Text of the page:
The non-voter myth
It has been proven — quite dramatically at 10pm on election night — that the 35% strategy was a disaster for Labour; who knew that an unambitious and unreliable electoral forecast would also prove to be unsuccessful?
Evidence, rather than anecdote, from the election shows the scale of our challenge after the 35% failure. Fabian research showed 4 out of 5 extra votes Labour needs must come from Tory voters. Jon Cruddas’ review of the election shows the deficit is the top priority.
But show this to a Corbyn supporter and they will bury their head in the sand. The Cruddas polling is full of leading questions. The Fabians are secret Tories (an impressive misreading of history). Rather than sell out to these false prophets, they say, we just need to inspire non-voters. British socialism has failed to take root because there is a hidden part of the electorate who just have yet to be adequately inspired.
This is a dangerous myth, and anyone who saw Ed Miliband’s cautious electoral coalition crumble should not take it seriously.
First, it replicates the unreliability of the 35% strategy — if these people are non-voters, why will they come out in their thousands in every constituency Labour needs to win? How will you boost Labour’s internal structures and organisation to make sure they come out on polling day?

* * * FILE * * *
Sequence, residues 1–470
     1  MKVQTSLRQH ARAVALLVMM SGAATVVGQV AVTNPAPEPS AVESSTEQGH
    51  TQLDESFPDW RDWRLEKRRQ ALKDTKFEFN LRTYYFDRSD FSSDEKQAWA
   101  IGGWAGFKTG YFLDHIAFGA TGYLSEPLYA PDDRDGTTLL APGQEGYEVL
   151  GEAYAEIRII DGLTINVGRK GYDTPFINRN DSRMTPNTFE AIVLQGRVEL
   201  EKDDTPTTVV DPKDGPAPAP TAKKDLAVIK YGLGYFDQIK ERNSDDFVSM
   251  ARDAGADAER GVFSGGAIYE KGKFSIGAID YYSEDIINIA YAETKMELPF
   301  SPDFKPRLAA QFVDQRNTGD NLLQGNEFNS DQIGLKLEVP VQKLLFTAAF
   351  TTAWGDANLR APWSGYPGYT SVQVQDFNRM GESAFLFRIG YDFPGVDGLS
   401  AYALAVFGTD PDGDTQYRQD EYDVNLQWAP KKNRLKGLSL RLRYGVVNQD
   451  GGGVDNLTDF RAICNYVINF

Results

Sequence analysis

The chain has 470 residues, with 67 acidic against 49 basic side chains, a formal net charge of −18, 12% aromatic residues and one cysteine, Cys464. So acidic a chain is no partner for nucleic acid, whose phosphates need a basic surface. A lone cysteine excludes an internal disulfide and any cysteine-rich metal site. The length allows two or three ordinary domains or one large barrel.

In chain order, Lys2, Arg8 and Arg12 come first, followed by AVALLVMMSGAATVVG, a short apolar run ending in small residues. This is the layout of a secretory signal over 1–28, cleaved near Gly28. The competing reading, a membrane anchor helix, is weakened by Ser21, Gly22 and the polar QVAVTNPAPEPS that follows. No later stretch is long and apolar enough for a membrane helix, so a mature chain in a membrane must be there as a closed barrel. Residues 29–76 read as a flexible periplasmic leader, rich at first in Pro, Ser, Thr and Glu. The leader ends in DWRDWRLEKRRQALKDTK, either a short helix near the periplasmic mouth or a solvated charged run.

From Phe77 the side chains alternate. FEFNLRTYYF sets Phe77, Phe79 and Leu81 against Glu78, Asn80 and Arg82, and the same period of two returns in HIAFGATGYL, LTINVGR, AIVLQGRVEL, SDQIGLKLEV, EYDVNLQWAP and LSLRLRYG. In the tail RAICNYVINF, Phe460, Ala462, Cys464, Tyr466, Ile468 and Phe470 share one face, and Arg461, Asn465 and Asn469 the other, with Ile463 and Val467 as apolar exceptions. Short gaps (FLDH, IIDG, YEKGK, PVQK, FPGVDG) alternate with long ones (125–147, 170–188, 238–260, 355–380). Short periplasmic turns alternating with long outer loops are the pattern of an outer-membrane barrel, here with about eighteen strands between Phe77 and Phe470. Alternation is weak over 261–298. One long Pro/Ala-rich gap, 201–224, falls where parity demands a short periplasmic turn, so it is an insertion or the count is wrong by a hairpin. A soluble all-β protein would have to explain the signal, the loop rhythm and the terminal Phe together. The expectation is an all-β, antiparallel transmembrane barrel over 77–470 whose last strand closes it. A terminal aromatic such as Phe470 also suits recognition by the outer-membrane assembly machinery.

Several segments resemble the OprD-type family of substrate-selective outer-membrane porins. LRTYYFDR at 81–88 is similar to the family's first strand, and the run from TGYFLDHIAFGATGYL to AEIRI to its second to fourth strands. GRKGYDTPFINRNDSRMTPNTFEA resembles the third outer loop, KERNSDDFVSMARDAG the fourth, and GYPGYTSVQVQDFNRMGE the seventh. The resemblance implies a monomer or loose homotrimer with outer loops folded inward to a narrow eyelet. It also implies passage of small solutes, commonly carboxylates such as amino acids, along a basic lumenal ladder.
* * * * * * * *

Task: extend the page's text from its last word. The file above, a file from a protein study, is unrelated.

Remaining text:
Second, there is no evidence that non-voters are any different in political persuasion than those who do vote. There is no army of truly socialist would-be electors sitting on their hands. If there were, I would question the logic of doing nothing to stop yet another Tory government on the basis that Labour is not left-wing enough.
Immediately after the election, the TUC produced a wealth of polling showing how Labour was on the wrong side of the argument on a wide-range of issues. But they also looked at people who didn’t vote at all — remember, these are the people Corbyn’s campaign thinks they can reach.
When asked what prevented non-voters from supporting Labour, the top 4 responses were: 35% ‘don’t know’, 30% ‘they can’t be trusted with the economy’, 23% ‘they would make it too easy for people to live on benefits’, 22% ‘they would raise taxes’.
Unsurprisingly, there is no ‘Labour weren’t left-wing enough so I just went to the pub instead and let the Tories get elected’.
Compare the results to people who did vote, but didn’t vote Labour. Again, the top 4 responses: 40% ‘they can’t be trusted with the economy’, 25% they would make it too easy for people to live on benefits’, 24% ‘they would be bossed around by Nicola Sturgeon’, 19% ‘don’t know’.
Doubts about Labour’s competence do not vary much between voters and non-voters. You cannot have one message for one group and ignore the other because non-voters are no more receptive to it than those who can be relied on to vote. Suggesting otherwise is pure ignorance.